Friday, May 31, 2013

Don't Need a Watch to Waste Your Time, Oh No, Oh No

A million years ago when I lived back in Fort Wayne, Indiana my oldest sister M still lived at home and she was the one who brought culture and style into the house.  M was worldly and adventurous. She read big thick books and kept up with fashion.  She went on weird diets and wore false eyelashes and mini skirts.  She hung her stockings in the bathroom like in the movies.  Her best friend looked like a man and her male friends were very feminine.  I thought she was 'it'.  I've written about this before but it makes me feel good to recall these memories.
It was a big deal when M made this recipe she called Goop for the family.  She was decades ahead of Taco Bell. She put ground meat, lettuce, tomatoes, onion, shredded cheese, kidney beans and then Frito chips mixed in and it became a big salad meal.  Well let me tell you what. In 1970-something that was very out of this world unconventional.  Just mixing in the Frito's like that!?  She blew my mind with that one and it was so good with the warm and cold mixed together, the crunch of the chips and the shredded cheese.  You didn't even have fresh cilantro readily available at that time so I doubt she was able to put a fresh herb in the mix.  However, the tomatoes back then were like fresh herbs in that they had so much vibrant flavor and smell. 
This would have been an updated version of that dish to include corn, fresh herbs, red bell pepper and jalapeno.  Halfway through though I forgot I had no iceberg lettuce and wasn't willing to go fetch a bag of Fritos, so instead, I served it over white Jasmine rice and scooped it with wheat flour tortillas.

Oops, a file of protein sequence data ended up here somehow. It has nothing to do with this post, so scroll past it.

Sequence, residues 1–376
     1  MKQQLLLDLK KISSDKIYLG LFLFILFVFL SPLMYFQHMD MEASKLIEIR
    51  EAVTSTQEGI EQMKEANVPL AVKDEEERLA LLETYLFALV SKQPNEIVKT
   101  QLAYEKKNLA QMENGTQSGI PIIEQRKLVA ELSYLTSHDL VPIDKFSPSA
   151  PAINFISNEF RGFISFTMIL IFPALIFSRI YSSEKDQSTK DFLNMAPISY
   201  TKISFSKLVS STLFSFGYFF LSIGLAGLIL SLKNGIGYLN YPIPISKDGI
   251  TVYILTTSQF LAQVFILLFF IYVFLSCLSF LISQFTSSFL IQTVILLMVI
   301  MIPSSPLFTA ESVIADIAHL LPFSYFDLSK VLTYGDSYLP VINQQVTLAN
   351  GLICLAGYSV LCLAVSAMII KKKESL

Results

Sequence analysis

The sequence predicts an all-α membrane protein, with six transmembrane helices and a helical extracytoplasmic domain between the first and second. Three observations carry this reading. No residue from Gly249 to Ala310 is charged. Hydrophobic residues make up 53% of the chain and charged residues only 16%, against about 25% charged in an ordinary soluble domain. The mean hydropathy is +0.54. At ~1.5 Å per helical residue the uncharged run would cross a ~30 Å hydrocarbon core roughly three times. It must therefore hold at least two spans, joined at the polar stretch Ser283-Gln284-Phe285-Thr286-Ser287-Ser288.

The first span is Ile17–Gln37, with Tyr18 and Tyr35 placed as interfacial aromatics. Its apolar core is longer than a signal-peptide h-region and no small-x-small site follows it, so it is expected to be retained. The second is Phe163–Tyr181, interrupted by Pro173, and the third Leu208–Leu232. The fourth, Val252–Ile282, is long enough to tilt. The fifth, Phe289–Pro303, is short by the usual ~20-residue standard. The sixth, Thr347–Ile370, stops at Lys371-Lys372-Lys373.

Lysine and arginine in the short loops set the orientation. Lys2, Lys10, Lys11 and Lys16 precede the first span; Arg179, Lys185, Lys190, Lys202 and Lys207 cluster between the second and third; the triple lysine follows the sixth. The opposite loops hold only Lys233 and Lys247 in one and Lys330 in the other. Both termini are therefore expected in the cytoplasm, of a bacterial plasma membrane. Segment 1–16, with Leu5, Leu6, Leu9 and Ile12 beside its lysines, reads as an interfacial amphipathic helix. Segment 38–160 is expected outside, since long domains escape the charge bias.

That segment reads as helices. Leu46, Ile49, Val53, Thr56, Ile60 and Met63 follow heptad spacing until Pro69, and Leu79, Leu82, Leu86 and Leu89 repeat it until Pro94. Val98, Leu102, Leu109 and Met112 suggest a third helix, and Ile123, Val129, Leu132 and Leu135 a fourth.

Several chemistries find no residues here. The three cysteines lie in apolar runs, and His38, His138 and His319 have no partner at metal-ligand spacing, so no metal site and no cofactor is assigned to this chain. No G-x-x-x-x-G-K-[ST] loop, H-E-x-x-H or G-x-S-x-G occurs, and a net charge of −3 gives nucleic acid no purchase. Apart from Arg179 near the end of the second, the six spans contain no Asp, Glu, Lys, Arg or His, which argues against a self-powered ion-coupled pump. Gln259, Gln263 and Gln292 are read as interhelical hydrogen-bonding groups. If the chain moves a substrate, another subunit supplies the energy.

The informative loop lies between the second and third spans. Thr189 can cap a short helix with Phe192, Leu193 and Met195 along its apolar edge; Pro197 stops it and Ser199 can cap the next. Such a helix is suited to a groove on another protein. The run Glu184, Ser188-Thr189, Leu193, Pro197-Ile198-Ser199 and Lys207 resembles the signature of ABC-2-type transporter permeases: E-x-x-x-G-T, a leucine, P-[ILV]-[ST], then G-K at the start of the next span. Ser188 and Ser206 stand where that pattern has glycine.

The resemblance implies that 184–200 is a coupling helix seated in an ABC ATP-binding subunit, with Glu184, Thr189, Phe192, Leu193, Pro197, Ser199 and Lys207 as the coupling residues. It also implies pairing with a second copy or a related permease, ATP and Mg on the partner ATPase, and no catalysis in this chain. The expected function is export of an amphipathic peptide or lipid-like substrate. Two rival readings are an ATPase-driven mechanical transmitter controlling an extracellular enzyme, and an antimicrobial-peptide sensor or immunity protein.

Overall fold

But next time I will make the real Goop and get my fix.  Old people talk about a simpler time and I used to  think inside, 'gosh how pathetic is this melancholy for the past'.  Uh, well, I guess I might have been hit with the same bug lately.  I too recall a less complicated time when I was young and had family around.  The house was always full and alive. The family restaurant didn't exist yet and food was such a pleasurable part of our world.  I think summer, my mom's homemade tortillas, her flour-dusty apron and the portion of the Formica countertop that she rolled those tortillas out on.  I think crickets and lightning bugs, the back yard which at the time was enormous.  I think mulberry bushes and play fishing in the creek out back. Running constantly and laying in the patch of super thick grass that grew on our hill that felt like a giant green mattress in the cool shade.   I think of picking rhubarbs and having a little snack while sitting on the little rose trellis that my dad built. Helping my mom make potato salad and making fun of my dad for bringing home the wrong mayonnaise, again! 
M was already an adult and she was doing bigger and better things.  She could have been anything I believe.
But mom and dad were the cooks and it had never even occurred to me that us kids would ever attempt to prepare a meal.  The fact that Mary came into that kitchen that day with all her ingredients and made this for us was a right of passage. Maybe it was symbolic for me and she really cooked all the time, but this is one of the only things I remember her creating.  I'm not sure how it all came to be but Mary put aside some of her plans and joined forces with the folks to create, manage and run the restaurant a few short years following these happier times.  

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